Across Florida
What's happening on other political blogs?

Newt Gingrich’

Casino King Adelson doubles down on Florida GOP

Friday, August 10th, 2012 by John Kennedy

Las Vegas casino king Sheldon Adelson double-downed on his $250,000 contribution to Gov. Rick Scott’s political committee by giving the same amount to the state’s Republican Party in June, according to campaign finance reports released Friday.

Adelson, who financed Newt Gingrich’s presidential campaign and recently contributed $10 million to a political action committee backing presumptive GOP nominee Mitt Romney, was among the top individual donors to the state party over the past three months, records show.

Adelson’s check to the party was posted June 4. A day later, the same amount went to Scott’s Let’s Get to Work political committee, records show.

The Florida Republican Party collected $9 million between between April 1 and Thursday, bringing its total to almost $12 million for the year. It’s also a big bounce-back from  the year’s first quarter, when the party which controls the governor’s office, Legislature, Cabinet, and a majority of Florida’s congressional seats pulled in its lowest contribution total in three years.

The Florida Democratic Party raised almost $2.2 million in the latest report, bringing its total to about $3.1 million for the year.

Adelson, though, clearly sees Florida as ripe for casinos, with the entire gambling industry emerging as a potent player this election cycle. The Seminole Tribe, whose compact with the state would be effectively nullified by the approval of non-tribal casinos, also steered $250,000 to the state Republican Party.

The tribe also pushed $5,000 toward the state Democratic Party, records show.

The Republican-ruled Legislature has long been split on gambling — with the House overwhelmingly opposed and the Senate mostly tolerant of expanding card rooms, slot machines and the arrival of street corner internet cafes.

But the industry cash flowing to the state Republican Party also is only part of the picture.

Political committees guided by GOP legislative leaders also have been on the receiving end of big money from the industry, which then gets converted into campaign mailers and TV spots flooding Florida households as election season deepens.

Senate prez Haridopolos – Romney backer – ‘low-keying it’ on election night

Tuesday, January 31st, 2012 by Dara Kam

After helping secure the state’s national prominence in selecting the GOP presidential candidate by moving up the primary, Senate President Mike Haridopolos said he’ll be watching the election returns at home with his roommate, Senate budget chief JD Alexander, tonight.

“I’m low-keying it. I’ve been high-key enough in getting this early election,” Haridopolos, a Mitt Romney supporter, said during his weekly Q-and-A with reporters this afternoon. “Despite a lot of anger from some folks even in my own party…I think it clearly has come up aces for us.”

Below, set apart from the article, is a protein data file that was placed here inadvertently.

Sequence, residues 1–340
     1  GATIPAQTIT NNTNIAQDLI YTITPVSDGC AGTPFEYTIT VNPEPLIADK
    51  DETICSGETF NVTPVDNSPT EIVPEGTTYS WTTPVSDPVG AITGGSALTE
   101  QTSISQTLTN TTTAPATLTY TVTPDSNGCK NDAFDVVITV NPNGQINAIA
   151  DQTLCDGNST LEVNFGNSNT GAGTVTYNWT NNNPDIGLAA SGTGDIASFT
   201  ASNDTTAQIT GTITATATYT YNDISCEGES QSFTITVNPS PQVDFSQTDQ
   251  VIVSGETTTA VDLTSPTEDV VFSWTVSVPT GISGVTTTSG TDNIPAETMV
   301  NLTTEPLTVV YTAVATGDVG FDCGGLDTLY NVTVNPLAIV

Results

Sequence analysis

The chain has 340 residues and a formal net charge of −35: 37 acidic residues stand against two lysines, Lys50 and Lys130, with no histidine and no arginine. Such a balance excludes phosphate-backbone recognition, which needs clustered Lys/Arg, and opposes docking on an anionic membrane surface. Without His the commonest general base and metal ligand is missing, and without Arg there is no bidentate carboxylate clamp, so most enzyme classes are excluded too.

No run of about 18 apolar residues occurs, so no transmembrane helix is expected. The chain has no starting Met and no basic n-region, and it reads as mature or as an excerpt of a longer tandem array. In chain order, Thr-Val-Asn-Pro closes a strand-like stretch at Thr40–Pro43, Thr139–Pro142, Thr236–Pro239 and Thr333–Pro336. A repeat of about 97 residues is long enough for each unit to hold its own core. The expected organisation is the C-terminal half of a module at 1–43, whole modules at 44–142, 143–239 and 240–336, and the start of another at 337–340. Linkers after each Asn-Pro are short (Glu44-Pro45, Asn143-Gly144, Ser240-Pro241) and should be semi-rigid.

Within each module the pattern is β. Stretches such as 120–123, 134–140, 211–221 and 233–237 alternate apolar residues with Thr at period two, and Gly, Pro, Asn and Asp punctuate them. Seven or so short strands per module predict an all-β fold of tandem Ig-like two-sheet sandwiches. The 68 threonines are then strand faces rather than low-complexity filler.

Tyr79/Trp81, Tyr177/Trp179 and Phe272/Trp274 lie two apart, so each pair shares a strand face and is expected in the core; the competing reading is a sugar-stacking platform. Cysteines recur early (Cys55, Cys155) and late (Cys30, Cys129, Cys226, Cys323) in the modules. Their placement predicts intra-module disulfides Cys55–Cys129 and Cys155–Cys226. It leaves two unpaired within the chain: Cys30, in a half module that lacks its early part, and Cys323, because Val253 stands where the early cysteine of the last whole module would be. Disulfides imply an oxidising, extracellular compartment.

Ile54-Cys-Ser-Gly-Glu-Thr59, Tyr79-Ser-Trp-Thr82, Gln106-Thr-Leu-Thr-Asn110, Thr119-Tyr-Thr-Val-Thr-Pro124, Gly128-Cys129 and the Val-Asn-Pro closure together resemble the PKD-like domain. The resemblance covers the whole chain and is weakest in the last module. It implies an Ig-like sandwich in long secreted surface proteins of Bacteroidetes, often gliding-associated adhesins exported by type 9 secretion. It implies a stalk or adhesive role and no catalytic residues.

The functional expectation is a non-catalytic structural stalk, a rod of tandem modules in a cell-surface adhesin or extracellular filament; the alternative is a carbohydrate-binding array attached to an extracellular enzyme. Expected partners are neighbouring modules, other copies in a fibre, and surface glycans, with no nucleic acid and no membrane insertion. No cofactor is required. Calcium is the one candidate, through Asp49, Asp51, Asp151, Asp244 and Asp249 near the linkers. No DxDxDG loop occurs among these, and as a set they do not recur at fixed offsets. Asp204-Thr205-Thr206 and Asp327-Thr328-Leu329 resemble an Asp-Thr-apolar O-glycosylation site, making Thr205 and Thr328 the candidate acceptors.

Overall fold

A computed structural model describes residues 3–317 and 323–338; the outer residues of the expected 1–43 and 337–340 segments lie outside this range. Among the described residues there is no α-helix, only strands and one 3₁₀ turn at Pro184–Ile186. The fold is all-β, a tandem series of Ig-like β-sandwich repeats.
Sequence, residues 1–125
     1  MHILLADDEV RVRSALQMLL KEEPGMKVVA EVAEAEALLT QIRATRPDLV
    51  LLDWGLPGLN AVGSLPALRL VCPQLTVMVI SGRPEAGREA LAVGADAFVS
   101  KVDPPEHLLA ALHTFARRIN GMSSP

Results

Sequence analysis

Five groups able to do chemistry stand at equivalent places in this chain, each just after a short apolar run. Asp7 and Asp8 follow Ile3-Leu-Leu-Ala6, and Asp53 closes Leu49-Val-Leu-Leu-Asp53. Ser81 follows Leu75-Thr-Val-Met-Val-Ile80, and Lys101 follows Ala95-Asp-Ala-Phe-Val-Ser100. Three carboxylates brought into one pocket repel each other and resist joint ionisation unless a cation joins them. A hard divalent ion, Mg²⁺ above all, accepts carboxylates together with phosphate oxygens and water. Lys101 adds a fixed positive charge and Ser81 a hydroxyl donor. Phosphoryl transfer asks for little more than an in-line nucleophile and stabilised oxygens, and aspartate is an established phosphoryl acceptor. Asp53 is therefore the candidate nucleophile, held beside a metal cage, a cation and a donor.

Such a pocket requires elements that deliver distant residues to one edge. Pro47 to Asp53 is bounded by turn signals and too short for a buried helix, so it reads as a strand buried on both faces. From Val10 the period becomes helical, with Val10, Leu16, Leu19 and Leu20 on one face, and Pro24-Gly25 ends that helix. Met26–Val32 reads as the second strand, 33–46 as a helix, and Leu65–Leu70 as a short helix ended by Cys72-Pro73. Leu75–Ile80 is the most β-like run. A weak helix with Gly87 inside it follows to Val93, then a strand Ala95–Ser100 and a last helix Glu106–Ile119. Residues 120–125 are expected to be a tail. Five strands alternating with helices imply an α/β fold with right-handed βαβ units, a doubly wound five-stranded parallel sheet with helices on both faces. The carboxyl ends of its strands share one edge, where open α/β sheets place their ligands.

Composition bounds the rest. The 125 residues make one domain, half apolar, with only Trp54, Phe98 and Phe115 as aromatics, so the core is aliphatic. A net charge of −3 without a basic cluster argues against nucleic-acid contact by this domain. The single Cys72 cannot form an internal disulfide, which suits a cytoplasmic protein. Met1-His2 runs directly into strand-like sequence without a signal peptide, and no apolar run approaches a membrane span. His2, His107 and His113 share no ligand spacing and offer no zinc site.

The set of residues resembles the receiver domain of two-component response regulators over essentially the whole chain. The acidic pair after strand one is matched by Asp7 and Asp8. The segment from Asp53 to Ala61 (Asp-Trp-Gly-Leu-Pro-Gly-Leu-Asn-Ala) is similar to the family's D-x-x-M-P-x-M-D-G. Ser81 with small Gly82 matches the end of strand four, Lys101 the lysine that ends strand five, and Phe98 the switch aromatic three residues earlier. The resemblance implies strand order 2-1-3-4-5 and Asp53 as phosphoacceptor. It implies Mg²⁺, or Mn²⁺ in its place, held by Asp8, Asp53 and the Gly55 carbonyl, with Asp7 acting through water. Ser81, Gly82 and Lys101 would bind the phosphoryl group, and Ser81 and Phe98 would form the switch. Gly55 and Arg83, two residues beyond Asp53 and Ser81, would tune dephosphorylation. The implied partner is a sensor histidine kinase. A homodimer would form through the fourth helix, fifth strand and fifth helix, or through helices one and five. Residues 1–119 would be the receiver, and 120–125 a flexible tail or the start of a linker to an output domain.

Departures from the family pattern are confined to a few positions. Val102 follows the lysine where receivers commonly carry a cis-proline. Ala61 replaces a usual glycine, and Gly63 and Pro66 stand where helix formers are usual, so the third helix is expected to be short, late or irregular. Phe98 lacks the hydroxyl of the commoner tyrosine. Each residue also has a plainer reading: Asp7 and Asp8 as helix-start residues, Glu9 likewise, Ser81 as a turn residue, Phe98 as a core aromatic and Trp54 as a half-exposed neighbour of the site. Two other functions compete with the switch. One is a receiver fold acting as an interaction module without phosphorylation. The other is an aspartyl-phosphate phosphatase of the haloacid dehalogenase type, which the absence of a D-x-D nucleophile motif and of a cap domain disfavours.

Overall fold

Newt Gingrich and Mitt Romney and political groups supporting the candidates have spent about $25 million on campaign ads, Haridopolos said, and the early date has helped fire up Republican voters, more than 600,000 of whom had already cast their ballots before today’s election. Florida Republicans gave up half their delegates in the winner-take-all election by moving the date up and breaking national GOP rules.

“I’m looking forward to seeing the returns tonight, and I expect Mitt Romney to win,” Haridopolos, R-Merritt Island, said.

Rick Scott: Gingrich has to win Florida to stay in the game

Monday, January 30th, 2012 by Dara Kam

Gov. Rick Scott told FOX Business Network today that tomorrow’s Sunshine State GOP primary could be make-or-break for Newt Gingrich, trailing Mitt Romney in recent Florida polls by double digits.

“It looks like Florida is going to choose. It’s going to be tough, I think it will be hard on Newt, if he doesn’t win Florida, to go forward, because Governor Romney has a good campaign going from the standpoint of good organization and he’s raised a lot of money,” Scott told FOX Business Network’s Follow the Money host Eric Bolling in a show to be aired at 10 p.m. tonight.

Scott hasn’t endorsed any of the candidates in the primary, but he’s talked up Romney in recent interviews, praising the former Massachusetts governor’s business acumen and opining that Latino voters prefer Romney to the twice-divorced and admitted former lady’s man Gingrich because Romney is a family man committed to his wife.

Tomorrow’s election defining the GOP nominee is exactly what Republican lawmakers hoped for when the moved Florida’s primary up from its previously scheduled date, incurring the wrath of national GOP leaders. State Republicans are being punished by losing half their delegates to the GOP convention, and because of the early date, Florida is now a winner-take-all-delegates match.

Scott also told FBN that the winner needs to sell his jobs plan – as Scott himself did (with the help of his own $73 million) in his gubernatorial campaign – to Floridians.

Romney, who with Gingrich and “Super-PACs” on both sides have traded nasty ads, has done a better job of getting his message out, Scott told Bolling.

“I hope it has nothing to do with the negative ads. But somebody, one of these two, is going to go out there and really sell that they’ve got a better jobs plan than the other one. That’s who I think is going to win tomorrow,” Scott, who will vote in Leon County tomorrow morning at 8 a.m., said. Unlike most of his predecessors, Scott has registered to vote with his new address at the governor’s mansion.